In SIBO TREATMENT: BEYOND DIET PART 1, we discussed prescription antibiotics and herbal antibiotics that target the bacteria that have overgrown in the small intestine. Here, we will discuss additional supplements and lifestyle changes to help treat the root cause, and associated complications of SIBO, while preventing recurrence.
Taken away from meals, various substances can help to break down the protective wall or ‘biofilm’ that bacteria build around their colonies. Left intact, this wall enables bacterial resistance to therapies, including both conventional antibiotics and herbal. Examples of substances that disrupt the biofilm include lactoferrin (found in goat’s and cow’s milk whey), NAC, garlic, dandasa, green tea, and fibrinolytic enzymes especially nattokinase (1-5).
Issues with gut motility can be a large contributor to the development of SIBO. In cases where dysmotility is a concern, a motility agent (Gut Motility) may be prescribed following eradication treatment. Lifestyle changes, including eliminating snacking, daily movement, acupuncture, and bodywork can also help in ensuring healthy motility.
Probiotics must be used with caution during the treatment of SIBO; some patients find probiotics exasperate their symptoms, particularly if the supplement includes prebiotic starches such as FOS, inulin, MOS, GOS, arabinogalactan, or ingredients that may irritate the gut lining such as soy or lactose. However, a probiotic must be considered if using an antibiotic that has systemic effects, such as metronidazole.
Additionally, certain probiotic strains such bifidobacterium animalis, Bifidobacterium lactis are prokinetic and may aid in improving movement through the gut (6,7). Research utilizing probiotics as the main treatment for SIBO has shown good results with Lactobacillus casei, Lactobacillus plantarum, streptococcus faecalis, and bifidobacterium brevis, particularly when combined with a restricted diet (8,9). Further research is needed to determine why probiotics are helpful in certain cases of SIBO and exacerbate symptoms for others.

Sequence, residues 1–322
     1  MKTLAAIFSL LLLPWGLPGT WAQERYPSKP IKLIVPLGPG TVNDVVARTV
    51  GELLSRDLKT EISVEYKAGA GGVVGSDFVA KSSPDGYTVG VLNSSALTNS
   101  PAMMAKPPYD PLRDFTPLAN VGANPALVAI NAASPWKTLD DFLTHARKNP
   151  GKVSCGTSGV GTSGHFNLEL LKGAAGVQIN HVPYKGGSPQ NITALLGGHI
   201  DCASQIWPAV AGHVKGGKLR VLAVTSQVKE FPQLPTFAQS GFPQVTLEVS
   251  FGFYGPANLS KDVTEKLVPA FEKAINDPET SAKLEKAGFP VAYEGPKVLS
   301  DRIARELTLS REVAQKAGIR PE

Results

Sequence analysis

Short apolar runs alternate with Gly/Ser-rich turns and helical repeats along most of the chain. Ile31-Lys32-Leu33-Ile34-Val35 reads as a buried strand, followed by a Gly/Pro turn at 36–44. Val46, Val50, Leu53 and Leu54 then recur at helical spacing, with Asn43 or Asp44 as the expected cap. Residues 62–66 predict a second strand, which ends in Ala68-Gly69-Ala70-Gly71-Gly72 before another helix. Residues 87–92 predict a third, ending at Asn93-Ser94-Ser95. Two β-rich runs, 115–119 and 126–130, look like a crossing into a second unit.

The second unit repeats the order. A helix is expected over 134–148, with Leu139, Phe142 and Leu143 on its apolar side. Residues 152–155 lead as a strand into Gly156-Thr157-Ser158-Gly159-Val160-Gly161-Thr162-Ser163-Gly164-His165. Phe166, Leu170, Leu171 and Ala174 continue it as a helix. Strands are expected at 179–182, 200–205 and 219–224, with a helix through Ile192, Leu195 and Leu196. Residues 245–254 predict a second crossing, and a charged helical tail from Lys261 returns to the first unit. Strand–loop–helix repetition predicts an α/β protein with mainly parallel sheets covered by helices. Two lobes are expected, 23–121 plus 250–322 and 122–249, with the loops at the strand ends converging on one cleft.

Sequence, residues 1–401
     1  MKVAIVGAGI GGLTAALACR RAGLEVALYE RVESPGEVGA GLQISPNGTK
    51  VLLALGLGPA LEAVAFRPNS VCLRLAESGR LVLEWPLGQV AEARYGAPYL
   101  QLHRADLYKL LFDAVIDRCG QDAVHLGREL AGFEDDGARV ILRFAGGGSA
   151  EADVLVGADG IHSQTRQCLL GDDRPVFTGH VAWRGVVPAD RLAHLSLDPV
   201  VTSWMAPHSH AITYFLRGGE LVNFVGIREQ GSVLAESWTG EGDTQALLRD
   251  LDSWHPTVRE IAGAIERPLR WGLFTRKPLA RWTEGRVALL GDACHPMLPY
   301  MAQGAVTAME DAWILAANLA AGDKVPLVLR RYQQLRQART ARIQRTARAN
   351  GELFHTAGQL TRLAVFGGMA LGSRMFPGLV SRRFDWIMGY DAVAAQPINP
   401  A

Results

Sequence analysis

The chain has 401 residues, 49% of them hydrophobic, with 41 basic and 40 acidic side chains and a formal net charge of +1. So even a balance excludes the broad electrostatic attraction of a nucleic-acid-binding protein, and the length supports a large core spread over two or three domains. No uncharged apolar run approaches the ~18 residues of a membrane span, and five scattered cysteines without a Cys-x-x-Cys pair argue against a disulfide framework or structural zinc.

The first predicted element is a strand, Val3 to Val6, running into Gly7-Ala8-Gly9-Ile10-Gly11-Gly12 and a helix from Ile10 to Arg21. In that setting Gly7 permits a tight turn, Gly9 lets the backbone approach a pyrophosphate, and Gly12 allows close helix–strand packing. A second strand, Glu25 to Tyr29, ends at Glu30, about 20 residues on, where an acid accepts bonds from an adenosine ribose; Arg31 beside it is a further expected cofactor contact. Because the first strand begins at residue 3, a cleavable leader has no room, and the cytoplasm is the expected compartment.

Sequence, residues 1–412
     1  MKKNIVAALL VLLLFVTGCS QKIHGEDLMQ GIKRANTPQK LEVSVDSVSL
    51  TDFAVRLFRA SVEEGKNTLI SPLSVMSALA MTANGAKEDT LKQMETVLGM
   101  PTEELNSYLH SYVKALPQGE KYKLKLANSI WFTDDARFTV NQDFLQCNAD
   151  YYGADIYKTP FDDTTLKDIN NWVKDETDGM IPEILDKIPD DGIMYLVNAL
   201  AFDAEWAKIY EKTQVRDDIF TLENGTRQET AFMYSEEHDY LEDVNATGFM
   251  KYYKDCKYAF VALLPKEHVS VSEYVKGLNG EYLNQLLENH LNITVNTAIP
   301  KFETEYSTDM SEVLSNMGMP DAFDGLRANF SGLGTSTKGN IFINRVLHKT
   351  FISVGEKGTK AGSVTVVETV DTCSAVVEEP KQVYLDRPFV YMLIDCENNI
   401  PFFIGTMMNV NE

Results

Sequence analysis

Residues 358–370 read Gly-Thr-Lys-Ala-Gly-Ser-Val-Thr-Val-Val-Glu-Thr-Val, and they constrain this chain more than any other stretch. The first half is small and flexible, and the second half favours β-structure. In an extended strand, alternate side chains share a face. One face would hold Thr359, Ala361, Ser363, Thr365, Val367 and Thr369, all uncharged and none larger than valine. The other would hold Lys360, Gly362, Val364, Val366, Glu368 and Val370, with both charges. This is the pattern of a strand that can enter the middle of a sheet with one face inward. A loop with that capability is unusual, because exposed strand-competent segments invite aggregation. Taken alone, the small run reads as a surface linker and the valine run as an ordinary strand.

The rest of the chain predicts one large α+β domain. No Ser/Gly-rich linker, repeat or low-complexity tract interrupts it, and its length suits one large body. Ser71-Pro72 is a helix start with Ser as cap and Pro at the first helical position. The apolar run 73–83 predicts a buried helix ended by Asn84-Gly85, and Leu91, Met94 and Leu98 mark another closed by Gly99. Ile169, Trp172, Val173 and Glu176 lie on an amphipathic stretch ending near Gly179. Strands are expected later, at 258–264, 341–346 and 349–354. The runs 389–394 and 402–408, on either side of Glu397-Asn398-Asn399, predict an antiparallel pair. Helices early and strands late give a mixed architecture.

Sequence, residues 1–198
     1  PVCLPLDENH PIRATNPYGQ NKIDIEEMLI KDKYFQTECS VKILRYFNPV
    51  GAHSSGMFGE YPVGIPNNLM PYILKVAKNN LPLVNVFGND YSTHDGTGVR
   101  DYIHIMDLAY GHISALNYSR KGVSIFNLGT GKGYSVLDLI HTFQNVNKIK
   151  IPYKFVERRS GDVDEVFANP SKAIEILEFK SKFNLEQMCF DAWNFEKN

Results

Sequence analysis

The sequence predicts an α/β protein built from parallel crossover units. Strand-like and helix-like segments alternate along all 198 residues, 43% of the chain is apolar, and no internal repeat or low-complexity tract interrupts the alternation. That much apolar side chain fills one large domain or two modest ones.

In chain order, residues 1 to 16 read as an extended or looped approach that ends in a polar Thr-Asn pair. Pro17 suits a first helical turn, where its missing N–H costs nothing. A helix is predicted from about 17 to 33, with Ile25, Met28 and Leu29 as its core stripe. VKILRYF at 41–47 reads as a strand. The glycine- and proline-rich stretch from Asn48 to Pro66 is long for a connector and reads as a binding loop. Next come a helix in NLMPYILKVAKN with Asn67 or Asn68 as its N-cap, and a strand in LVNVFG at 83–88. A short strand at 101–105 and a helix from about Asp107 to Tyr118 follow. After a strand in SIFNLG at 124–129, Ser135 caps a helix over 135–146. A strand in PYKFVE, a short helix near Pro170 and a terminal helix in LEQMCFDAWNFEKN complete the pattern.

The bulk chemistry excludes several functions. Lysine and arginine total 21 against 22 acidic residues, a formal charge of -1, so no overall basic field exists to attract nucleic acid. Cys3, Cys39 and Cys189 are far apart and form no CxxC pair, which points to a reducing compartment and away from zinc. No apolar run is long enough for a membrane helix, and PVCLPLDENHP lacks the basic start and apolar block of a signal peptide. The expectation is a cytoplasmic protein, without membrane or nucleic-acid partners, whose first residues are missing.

Since issues with digestion and absorption tend to accompany SIBO, supplements to support digestion, such as digestive enzymes, bile salts, and substances that increase hydrochloric acid may be helpful. A full gut healing protocol may also be indicated, depending on the condition of the gut lining (5 Steps To A Healthy Gut).
Partially Hydrolyzed Guar Gum
Increased efficacy with rifaxamin has been noted when it is combined with partially hydrolyzed guar gum or PHGG. It is suspected that this is due to its effect on gut motility as well as its prebiotic nature favouring the gut microflora balance. Improvement on rifaxamin alone was observed in 62.1% of patients, while 85-87% of those on rifaxamin alongside PHGG experienced improvement (10).
Resistant starch ‘resists’ digestion; since it is not broken down in the small intestine, it travels to the large intestine where it is consumed by bacteria (11). This consumption leads to the production of short-chain fatty acids such as butyrate, an anti-inflammatory component (12,13). Food sources of resistant starch include green bananas, plantain, and potatoes that have been both cooked and cooled. Due to individual response and tolerance of starch, resistant starch may or may not be tolerated.